Building an Open Organization
When I began to speak with the folks from Red Hat about becoming the company’s CEO, my initial interview was, shall we say, unorthodox.
I had met with Matthew Szulik, Red Hat’s CEO, prior to me coming on board and accepting the job. He took me out for coffee–then, told me that he had forgotten his wallet and asked me if I could pick up the tab. That was fine until later I was asked to pay for lunch and gas too. I thought, is this a job interview, or a scam?
Turns out it was not only a job interview, but also my first introduction to what I have come to know as a truly open organization. As unusual and peculiar as it was, the interview provided a highly useful glimpse into the culture of Red Hat, where no one is above anyone else, and everyone is both expected and encouraged to contribute.
As a CEO, you need to be ready for that kind of approach if you want your company to succeed in today’s fast-moving business environment. Some leaders believe that extending trust and operating transparently will somehow diminish their power. In reality, however, leaders should be sharing as much as they can with their organizations. Sharing information is how leaders begin to build the context that people in an organization need to forge connections between their passions and the organization's mission. It is imperative that you must be willing to shake off the chains of the old ways of doing business–the “top-down” management style that gives you total command and control–and open yourselves up to allowing others to be heard and considered.
You must rely on your most important asset–employees–to help you make the most informed and beneficial decisions.
Doing this may prove to be one of the most difficult parts of your job. After all, senior executives did not get into the corner office by being wallflowers. We’re bred to be the decision makers and are accustomed to having complete control. Letting that go can be pretty scary.
However, while you can and should still have the final say in matters pertaining to your business, you must also be honest and acknowledge that no one person has all of the answers.
As such, you must rely on your most important asset–employees–to help you make the most informed and beneficial decisions. Employees understand customers, partners, products, and markets in general. They have deep knowledge to go along with their creativity and passion. You must always be willing to tap into all of these attributes.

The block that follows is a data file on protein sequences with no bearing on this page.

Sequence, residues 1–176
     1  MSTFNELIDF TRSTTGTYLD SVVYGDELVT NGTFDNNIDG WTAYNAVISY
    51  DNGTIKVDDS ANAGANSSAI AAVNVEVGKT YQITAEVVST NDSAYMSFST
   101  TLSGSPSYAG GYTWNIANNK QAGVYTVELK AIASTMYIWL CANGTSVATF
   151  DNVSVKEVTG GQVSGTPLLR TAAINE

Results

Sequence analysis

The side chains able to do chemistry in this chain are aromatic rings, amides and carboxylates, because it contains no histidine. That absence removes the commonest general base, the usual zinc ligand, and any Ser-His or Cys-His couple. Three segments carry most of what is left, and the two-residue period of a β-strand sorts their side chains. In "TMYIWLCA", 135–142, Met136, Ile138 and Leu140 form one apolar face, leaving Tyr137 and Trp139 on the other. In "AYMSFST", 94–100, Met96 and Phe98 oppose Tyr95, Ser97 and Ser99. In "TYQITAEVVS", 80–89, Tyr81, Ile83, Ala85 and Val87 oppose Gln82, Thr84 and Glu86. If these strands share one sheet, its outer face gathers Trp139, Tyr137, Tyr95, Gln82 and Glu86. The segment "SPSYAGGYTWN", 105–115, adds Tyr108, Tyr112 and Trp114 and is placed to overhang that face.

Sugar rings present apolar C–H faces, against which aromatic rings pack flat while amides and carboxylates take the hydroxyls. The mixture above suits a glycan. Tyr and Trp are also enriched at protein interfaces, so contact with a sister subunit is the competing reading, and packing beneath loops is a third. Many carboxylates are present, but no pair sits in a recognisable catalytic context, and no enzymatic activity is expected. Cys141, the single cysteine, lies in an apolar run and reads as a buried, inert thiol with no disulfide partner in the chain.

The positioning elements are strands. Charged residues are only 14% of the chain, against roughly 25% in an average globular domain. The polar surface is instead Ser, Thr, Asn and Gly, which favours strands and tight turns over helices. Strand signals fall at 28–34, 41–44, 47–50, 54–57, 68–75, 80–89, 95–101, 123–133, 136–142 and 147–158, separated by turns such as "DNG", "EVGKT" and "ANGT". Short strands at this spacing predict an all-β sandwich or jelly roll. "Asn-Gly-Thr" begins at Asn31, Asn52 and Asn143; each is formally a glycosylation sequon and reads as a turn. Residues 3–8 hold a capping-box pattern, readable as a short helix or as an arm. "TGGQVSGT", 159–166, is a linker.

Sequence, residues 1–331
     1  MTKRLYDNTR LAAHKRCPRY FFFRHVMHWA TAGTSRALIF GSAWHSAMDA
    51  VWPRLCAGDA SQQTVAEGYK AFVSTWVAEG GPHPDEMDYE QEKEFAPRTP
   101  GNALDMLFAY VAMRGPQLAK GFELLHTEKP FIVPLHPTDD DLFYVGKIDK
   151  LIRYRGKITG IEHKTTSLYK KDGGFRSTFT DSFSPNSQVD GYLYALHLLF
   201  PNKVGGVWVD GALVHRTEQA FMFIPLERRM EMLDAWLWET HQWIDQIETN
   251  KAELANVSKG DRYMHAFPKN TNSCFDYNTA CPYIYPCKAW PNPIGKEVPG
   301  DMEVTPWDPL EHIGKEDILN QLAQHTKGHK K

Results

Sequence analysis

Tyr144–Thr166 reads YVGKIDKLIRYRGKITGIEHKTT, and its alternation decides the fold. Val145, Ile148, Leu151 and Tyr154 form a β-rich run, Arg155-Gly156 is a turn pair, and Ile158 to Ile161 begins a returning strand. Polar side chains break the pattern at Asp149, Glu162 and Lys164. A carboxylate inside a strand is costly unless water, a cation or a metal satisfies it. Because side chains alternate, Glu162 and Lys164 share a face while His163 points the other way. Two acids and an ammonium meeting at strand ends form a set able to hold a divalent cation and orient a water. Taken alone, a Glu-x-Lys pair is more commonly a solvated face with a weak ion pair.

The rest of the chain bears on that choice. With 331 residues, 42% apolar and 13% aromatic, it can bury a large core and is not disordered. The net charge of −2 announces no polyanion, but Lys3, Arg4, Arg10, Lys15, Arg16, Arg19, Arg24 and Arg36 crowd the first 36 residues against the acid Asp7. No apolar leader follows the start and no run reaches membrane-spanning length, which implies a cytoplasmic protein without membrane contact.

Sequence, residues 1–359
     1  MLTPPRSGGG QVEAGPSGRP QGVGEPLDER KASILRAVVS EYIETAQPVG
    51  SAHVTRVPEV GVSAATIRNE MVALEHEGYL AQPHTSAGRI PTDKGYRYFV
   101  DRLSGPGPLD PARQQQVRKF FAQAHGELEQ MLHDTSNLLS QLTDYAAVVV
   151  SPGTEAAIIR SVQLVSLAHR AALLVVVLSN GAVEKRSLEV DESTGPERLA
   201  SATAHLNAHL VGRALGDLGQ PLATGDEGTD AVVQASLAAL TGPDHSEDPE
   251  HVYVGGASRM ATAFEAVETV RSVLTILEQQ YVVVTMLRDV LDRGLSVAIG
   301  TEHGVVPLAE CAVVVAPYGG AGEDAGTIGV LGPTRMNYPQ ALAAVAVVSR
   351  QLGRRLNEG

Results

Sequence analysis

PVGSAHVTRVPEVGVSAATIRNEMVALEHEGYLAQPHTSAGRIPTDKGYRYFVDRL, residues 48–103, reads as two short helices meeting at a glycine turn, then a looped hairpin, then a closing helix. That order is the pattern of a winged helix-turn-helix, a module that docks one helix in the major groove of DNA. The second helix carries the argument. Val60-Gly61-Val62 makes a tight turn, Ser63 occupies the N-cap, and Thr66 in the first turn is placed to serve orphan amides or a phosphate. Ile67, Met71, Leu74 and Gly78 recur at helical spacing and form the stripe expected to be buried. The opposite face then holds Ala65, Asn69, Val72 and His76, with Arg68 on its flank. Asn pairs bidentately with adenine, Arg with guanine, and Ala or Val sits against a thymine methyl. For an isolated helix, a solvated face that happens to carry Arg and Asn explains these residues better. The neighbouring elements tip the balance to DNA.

Being a leader in an open organization, then, means making connections: It involves doing the work of linking people both to each other and to some larger, shared picture. It’s helping people understand how they can contribute to a collective effort in meaningful ways. Open leaders are honest about the problems they face, the worries they carry, and the limits they possess—because, in the end, the problems leaders face are the problems everyone faces. Shared knowledge is power.
Let’s face it: as much as we have nostalgia for the past, we’re no longer living in a top-down business environment. The hierarchical, title-driven ways of old are crumbling in favor of a meritocratic approach that awards those who can contribute to the overall success of the company, regardless of whether they sit in an office or cubicle.
Today, all employees, regardless of title or position, are demanding to have their voices heard. It may not be through traditional means of communication. It may be through blogs, social media, or other forms of communication. But their opinions are getting out there, and they want those opinions to be heard and considered by their managers.
It’s not just employees, either; customers and partners are more willing than ever to collaborate and offer valuable feedback. At a company like Red Hat, this is nothing new–we’ve always followed the open source software model of collaboration and worked hand-in-hand with our customers and partners to deliver the products they need. This approach has worked very well for us.
For traditional organizations, however, this might be an entirely new concept. “Wait,” you might say, “you’re expecting us to have our customers contribute to our business practices and product development? Isn’t that what they pay us to do?”
Yes–it is. But they also pay to have products delivered that suit their needs. What better way to deliver those products than to have them actively participate in their product’s development? Doing so will allow you to become more in-tune with what your audience needs, helping shorten sales cycles and develop more meaningful relationships–the essence of a lean organization that’s built for the future.
I’m convinced that an open approach is really the only way to build for that future. It’ll help you deliver unprecedented satisfaction to everyone that’s important to your business’s success. In turn, they will help feed that success. It’s an approach that I’ve seen work tremendously over the years–ever since that first cup of coffee.